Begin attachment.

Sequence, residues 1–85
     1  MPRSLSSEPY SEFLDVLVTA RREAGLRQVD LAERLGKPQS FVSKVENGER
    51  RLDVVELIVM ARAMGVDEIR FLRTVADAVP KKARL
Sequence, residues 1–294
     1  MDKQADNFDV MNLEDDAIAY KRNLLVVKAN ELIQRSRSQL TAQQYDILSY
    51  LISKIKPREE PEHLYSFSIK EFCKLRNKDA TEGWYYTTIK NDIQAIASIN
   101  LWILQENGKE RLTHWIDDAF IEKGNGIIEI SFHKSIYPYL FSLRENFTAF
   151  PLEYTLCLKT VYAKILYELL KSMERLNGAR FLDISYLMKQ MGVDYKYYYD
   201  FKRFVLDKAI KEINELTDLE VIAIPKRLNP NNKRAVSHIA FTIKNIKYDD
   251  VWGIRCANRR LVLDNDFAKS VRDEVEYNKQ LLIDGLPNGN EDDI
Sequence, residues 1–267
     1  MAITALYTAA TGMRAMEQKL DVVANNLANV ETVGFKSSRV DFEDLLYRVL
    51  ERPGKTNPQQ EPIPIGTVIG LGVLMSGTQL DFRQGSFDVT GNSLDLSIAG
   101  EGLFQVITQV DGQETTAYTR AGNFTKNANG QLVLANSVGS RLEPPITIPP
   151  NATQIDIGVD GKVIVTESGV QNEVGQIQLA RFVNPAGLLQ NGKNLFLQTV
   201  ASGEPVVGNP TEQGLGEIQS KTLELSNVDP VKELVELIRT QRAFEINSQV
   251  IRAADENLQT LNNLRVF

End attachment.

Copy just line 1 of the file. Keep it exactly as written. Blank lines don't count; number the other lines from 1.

Sequence, residues 1–85